Knowing your credit score is a great first step before applying for a loan or new line of credit. But, you’ll also want to scour your credit report in greater detail to see if you have any adverse payment history – including collections activity.
Having collections activity on your account is obviously a red flag to other lenders. It illustrates you’ve failed to pay back a lender, so others may be hesitant to make that same mistake. However, there are ways to remove derogatory marks from your credit report.
What types of accounts are reportable for collections?
As you review your credit report, you’ll find a wide variety of accounts that could have derogatory marks if you’ve failed to make on-time payments. These accounts include:
If you believe any derogatory marks have been made to your file by mistake, start by reaching out to the respective lender to flag the error. You can also contact the credit bureaus directly and file a dispute. Contacting them online to file a dispute is usually the quickest option. You will need to provide details on why you believe the information is wrong, offer supporting documentation and of course request the information be removed.
If the derogatory activity is accurate, your other option is to contact the lenders directly and ask for the derogatory marks to be removed. The lenders will want to be paid, so you’ll need to negotiate. You don’t necessarily want to start an all-new payment plan, which restarts the clock on the debt being on your file. So instead, pay the debt off in its entirety, or agree to a settlement, a smaller, one-time payment. Remember to ask for the derogatory marks to be removed from your account entirely, so that there is no record of it. While showing a zero balance is great, showing no collections activity is even better.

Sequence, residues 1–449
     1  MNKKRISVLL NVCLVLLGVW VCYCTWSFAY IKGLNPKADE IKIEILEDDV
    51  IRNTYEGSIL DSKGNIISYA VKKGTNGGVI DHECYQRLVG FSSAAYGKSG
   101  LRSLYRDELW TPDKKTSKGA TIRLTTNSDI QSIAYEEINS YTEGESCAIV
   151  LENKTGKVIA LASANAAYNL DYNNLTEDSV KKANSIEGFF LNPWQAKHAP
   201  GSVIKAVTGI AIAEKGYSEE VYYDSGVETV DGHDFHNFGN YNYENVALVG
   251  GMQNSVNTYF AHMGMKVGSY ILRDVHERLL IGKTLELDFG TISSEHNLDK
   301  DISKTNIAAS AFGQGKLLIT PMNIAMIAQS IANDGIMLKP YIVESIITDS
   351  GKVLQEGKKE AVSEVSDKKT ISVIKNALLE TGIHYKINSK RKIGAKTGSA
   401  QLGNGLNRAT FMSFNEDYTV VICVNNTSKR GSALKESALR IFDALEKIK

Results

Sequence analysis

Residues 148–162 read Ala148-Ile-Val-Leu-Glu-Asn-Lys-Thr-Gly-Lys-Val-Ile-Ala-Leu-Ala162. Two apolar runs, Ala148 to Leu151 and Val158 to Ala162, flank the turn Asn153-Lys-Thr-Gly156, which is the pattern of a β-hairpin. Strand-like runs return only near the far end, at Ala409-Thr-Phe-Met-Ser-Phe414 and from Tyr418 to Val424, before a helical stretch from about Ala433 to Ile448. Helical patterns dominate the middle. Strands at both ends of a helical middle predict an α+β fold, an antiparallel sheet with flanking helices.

Another option is to contact a credit repair company and have them do the negotiating on your behalf.
Finally, if the collections activity is nearing the seven-year mark, you might opt to wait it out. If the derogatory marks are more than seven years old, credit bureaus must remove them by law.
It takes time to navigate this work and get the derogatory activity removed, so give yourself ample time before you start shopping for new credit. And remember, once you have a clean file, keep it that way. Pay your bills on time and continue to monitor your credit report to ensure no errors surface in the future.
Tip: Remember your credit score and report can look slightly different for each of the primary credit bureaus (Equifax, Experian and Transunion), so check all three. You can receive a free credit report from each bureau once a year by visiting annualcreditreport.com. These reports will show your credit history in detail. You usually need to pay a fee to receive the actual credit score.
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